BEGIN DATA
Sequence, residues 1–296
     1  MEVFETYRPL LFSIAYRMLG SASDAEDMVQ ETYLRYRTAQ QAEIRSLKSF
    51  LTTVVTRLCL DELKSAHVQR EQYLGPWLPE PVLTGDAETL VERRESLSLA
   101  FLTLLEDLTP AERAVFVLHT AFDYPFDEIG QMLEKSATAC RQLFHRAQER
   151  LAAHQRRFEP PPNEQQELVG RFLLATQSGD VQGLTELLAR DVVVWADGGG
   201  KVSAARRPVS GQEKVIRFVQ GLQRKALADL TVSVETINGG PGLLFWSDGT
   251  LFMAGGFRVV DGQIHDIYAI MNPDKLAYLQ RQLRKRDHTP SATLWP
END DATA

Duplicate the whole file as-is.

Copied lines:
Sequence, residues 1–296
     1  MEVFETYRPL LFSIAYRMLG SASDAEDMVQ ETYLRYRTAQ QAEIRSLKSF
    51  LTTVVTRLCL DELKSAHVQR EQYLGPWLPE PVLTGDAETL VERRESLSLA
   101  FLTLLEDLTP AERAVFVLHT AFDYPFDEIG QMLEKSATAC RQLFHRAQER
   151  LAAHQRRFEP PPNEQQELVG RFLLATQSGD VQGLTELLAR DVVVWADGGG
   201  KVSAARRPVS GQEKVIRFVQ GLQRKALADL TVSVETINGG PGLLFWSDGT
   251  LFMAGGFRVV DGQIHDIYAI MNPDKLAYLQ RQLRKRDHTP SATLWP